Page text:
Describing skills in your CV
How good your CV is depends on how well you identify and describe your skills. Learn more about how you can highlight your employability skills, transferable skills and specialist skills in your CV.
Three types of skills
You have three types of skills that employers want:
- employability skills – qualities and attitudes that employers say are essential for their workplace
- transferable skills – general skills that you can take to any workplace
- specialist skills – skills that relate to a specific job or group of jobs.
How to talk about skills on your CV
1. Find the skills listed in the job advertisement
Ideally your CV or resume should list most of the skills that are in the job advertisement. If you don't have those skills, then the job may not be a good fit for you.
A job advertisement might describe skills like this:
We are looking for a conscientious self-starter, proficient in Microsoft Office and Adobe Photoshop, who works well with others and can learn new computer systems easily.
The skills from this advertisement are:
- proficient in Microsoft Office and Adobe Photoshop
- willingness to learn.
These skills are key words that you should put in your CV.
2. Give examples of how you used these skills
You can list or bullet point the transferable skills and employability skills with a description of how you used them. This can be before or after your work history.
- At school I was in charge of collecting and managing money from the school's 24 Hour Famine fundraiser.
- I was in sole charge of a coffee kiosk where I opened up, prepared and made the coffee and counted the money at the end of my shift.
- I'm a member of the School Trustees for Ferndale School and we work together to make decisions for the school.
- Willingness to learn
- I've studied an online course on Excel and Word to update my skills.
3. List technical skills after your work history
Skills such as proficiency in Microsoft Office and Adobe Photoshop, or your driver's licence can go under a technical skills section in your CV. For example:
- Microsoft Office suite
- Adobe suite
- Agile scrum master certificate
- Heavy vehicle driver's licence
- Forklift operating driver's licence
Examples of skill sentences
These examples of skill sentences will help you think about what to write on your CV.
- I gave a presentation to the local youth council about the need for a youth group in our neighbourhood and was asked to speak at a city council meeting.
- In my environmental action committee, I helped to mediate between two people in conflict and come to a solution we were all happy with.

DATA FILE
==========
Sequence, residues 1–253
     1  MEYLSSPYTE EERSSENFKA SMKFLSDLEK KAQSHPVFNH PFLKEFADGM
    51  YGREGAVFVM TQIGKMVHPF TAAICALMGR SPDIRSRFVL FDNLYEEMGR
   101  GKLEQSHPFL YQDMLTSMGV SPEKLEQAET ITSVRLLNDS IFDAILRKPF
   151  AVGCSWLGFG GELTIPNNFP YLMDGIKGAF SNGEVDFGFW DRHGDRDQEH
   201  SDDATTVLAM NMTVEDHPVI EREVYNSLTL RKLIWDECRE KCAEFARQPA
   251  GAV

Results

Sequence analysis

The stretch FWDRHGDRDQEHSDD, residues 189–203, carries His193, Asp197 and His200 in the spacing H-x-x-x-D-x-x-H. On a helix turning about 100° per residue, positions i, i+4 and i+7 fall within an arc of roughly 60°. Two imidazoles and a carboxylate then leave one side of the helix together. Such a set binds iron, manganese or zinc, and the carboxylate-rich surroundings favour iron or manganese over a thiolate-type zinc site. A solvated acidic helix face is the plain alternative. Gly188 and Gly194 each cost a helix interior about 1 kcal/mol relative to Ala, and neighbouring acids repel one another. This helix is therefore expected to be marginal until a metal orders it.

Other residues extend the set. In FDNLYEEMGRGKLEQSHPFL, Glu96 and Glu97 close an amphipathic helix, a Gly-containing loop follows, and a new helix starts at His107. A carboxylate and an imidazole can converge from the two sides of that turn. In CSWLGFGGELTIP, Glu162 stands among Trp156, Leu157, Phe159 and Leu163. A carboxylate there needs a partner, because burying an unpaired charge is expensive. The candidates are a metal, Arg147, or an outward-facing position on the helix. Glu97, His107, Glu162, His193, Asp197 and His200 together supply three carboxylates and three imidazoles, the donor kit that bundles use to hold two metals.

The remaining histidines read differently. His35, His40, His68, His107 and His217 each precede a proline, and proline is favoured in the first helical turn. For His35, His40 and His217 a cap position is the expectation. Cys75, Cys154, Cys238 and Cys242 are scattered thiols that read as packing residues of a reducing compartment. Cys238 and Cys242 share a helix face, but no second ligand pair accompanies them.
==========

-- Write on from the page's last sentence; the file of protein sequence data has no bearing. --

Meeting deadlines and resilience
- In my role as president of the local Plunket committee, I co-ordinated a large team of volunteers for the annual appeal, working to strict deadlines.
- As a member of the school gala committee, I co-ordinated the school cake stall in a very short timeframe and managed a busy stall on the day, resulting in a profit of $3,000.
- It has been my goal to complete a marathon for three years. After starting out with some 10km runs, I completed four half-marathons and this year ran and finished my first marathon.
- I have been a member of my school's First 15 rugby team for two years. We won the National First 15 Championship both years.
Matt helps you find the skills you already have that employers want (Video - 2:49)
Matt: Need some help getting some skills down, eh? Don’t worry your magical guide Matt is here to help!
All jobs will expect you to bring some skills with you. Your skills are kind of what make you who you are and they’re also your biggest advantage. Skills are what employers are most interested in.
Student: But I don’t know what to put down here.
Matt: That’s ok. Don’t freak out, even if you don’t think you have the skills – you do. Let’s go see.
So you got a licence? Well, that’s a skill – it’s a technical one, like knowing a language or a computer program – like Photoshop. There’s a whole range of other skills like this that you probably have that you didn’t even realise.
Hold on, wait for me!
So, let’s have a look at some of these other types of skills that we can see in this job description, skills you can transfer from other areas of your life.
Student: Hmmm…must be able to work in a team.
Matt: Hey, heads up! Netball! You show up every week to the game, don’t you? You train hard, you work as a group.
Student: Yeah, but..
Matt: Well, this is teamwork! This is dedication! In order to find out what skills you do have, you need to look at all areas of your life.
Matt: And don’t be shy, promote yourself! Everyone else does. You gotta put your best foot forward. Ha!
Awesome! This volunteer work shows us how well you can manage your time in your weekends, by balancing sport, study and volunteer work. And hey, you’re a natural at talking to people, and that shows you’ve got great communication skills as well! Here you go.
Student: So the trick is to think about different areas of my life: being in a young enterprise scheme at school, volunteering, after-study activities, sports…that kind of thing?
Matt: Exactly. Think about the skills the employer is looking for and an example from your life that demonstrates that. Then, describe the activity on your CV and the skill it taught you. It doesn’t have to be perfect at this stage, the important thing is you get something down and give it a go.
Student: Thank you. Bye! You may think you don’t have any skills, but you do – you just need to know how to spot them. Letting people know what those skills are lets them know just how good you are.
Find out more
Careers New Zealand website
Updated 3 Jul 2018